If you’ve been following the entertainment news over the past couple of months, you might see the title of the documentary Unknown White Male and think, “Oh yeah, that’s the movie about the amnesiac, right? The one that’s all made up?” But that’s not entirely fair. First off, no one’s proved that the movie’s subject, Doug Bruce, is faking a now-three-year bout of total memory loss; and even if Bruce is a phony, no one’s proved that the documentary’s director, Rupert Murray, is in on the gag. Still, it’s hard not to think about the controversy while watching Unknown White Male, if only because Murray’s wide-eyed take on Bruce’s condition is exactly what makes the movie so frustrating.
For starters, Murray adopts the faux-detached first-person style familiar from so many smugly presumptuous BBC productions. Murray knew Bruce casually when they were young men in the U.K., before Bruce moved to New York, became a stock trader and amassed enough of a fortune that he could retire at 30 to pursue photography. So Murray takes an obtrusively personal approach to telling the story of how Bruce woke up one day in 2003, took a train to Coney Island and gradually entered a fugue state—such that when he disembarked, he still had a sense of how to function as a human being, but no memory of who he was. Unknown White Male’s style is striking, even beautiful, with a flurry of stock footage and well-lit location shots; but between the droning voices of medical experts and Murray’s own romanticizing of his friend’s clean mental slate, the movie is designed to force conclusions, not explore implications.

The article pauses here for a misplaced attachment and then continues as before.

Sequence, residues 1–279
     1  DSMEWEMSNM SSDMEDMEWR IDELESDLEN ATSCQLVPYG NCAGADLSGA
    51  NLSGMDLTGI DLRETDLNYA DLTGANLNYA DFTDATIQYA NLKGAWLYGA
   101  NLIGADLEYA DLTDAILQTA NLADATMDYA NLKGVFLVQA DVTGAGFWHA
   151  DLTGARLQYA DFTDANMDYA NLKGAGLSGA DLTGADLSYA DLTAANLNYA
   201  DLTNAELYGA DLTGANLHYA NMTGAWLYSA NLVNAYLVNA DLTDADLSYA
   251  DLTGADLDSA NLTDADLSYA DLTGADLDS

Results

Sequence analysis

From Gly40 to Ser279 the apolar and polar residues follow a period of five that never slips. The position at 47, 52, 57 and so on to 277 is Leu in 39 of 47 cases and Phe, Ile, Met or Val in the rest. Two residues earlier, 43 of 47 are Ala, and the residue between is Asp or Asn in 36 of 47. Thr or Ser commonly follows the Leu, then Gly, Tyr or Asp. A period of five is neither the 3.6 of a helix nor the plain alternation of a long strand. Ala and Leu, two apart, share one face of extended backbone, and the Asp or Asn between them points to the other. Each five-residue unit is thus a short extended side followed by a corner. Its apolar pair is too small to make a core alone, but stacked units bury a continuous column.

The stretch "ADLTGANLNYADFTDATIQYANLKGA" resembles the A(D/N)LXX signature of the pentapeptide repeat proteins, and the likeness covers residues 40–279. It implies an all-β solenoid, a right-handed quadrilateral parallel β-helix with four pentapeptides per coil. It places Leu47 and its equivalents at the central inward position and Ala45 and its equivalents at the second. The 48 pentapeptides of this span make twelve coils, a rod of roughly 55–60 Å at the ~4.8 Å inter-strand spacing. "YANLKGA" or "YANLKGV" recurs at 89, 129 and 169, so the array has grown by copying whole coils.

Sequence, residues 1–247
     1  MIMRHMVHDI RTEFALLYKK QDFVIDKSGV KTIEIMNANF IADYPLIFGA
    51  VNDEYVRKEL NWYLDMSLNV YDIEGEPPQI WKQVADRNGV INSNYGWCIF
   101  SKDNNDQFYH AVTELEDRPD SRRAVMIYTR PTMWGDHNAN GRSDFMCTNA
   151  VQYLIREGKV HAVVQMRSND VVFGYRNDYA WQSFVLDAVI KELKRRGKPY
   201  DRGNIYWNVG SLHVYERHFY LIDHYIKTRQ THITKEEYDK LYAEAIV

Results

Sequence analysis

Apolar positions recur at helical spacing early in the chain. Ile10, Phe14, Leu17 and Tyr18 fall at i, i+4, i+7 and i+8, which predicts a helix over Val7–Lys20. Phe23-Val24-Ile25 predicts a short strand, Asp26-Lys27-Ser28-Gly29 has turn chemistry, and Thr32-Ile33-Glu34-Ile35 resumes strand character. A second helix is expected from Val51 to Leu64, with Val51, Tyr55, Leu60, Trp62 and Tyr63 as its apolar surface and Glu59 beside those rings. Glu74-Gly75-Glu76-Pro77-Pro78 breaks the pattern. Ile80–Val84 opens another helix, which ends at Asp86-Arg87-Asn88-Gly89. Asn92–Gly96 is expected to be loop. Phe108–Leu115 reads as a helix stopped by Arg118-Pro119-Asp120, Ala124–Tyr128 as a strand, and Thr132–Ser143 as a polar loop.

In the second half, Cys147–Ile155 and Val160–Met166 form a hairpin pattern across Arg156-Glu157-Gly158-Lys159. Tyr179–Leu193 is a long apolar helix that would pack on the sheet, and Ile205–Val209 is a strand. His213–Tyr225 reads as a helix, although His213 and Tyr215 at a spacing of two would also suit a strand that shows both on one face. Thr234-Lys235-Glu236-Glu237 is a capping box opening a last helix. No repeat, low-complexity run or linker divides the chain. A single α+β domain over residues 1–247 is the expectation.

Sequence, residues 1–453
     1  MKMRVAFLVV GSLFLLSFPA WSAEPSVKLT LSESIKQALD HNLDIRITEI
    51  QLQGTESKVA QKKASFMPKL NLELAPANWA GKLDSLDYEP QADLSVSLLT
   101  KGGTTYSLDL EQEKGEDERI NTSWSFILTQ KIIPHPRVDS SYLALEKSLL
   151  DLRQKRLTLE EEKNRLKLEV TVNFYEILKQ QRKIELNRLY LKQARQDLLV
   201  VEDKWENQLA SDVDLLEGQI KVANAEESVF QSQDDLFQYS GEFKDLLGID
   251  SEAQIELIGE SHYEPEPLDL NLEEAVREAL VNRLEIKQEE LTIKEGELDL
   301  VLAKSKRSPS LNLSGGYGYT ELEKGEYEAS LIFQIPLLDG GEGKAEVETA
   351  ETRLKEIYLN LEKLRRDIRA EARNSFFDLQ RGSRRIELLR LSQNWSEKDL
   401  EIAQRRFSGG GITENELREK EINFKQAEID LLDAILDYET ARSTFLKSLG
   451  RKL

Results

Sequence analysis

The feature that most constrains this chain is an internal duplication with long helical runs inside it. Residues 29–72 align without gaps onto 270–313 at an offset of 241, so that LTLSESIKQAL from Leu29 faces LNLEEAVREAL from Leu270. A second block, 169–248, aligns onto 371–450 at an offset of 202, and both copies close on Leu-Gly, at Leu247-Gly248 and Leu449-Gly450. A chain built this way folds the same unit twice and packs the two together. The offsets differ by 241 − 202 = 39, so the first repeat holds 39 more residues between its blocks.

Of course, Murray’s only taking his cues from Bruce, who seems less interested in recovering who he was than in becoming somebody new. Bruce gets ecstatic over the sight of the ocean, and the taste of chocolate mousse, and when he reads old letters he wrote, he wonders why he wasted so much time obsessing over cricket. Amnesia’s an unusual condition, so it might not be that strange for a man with Bruce’s experience to turn philosophical and lose all desire for nostalgia; but even though Murray acknowledges how hard it’s been on Bruce’s family to have a polite-but-cool visitor in their homes rather than a brother and a son, in the end he’s clearly more sympathetic to the person Bruce has become. This is a medical mystery doubling as a self-help tract: The Amnesia-Driven Life.
There are flashes of the movie Unknown White Male might’ve been. When Bruce visits friends he hasn’t hung out with in years, and they comment on how different he seems, Murray misses the real point, which is whether anyone is the same as he was 10 years ago. Even Bruce’s pre-amnesia condition—wealthy globetrotter with a home base in eclectic, multi-cultural Manhattan—is inherently conducive to a person losing himself. The problem with Unknown White Male is that Murray is so close to Bruce’s story and Bruce’s life that he doesn’t think to ask hard questions, because then he might have to answer them for himself.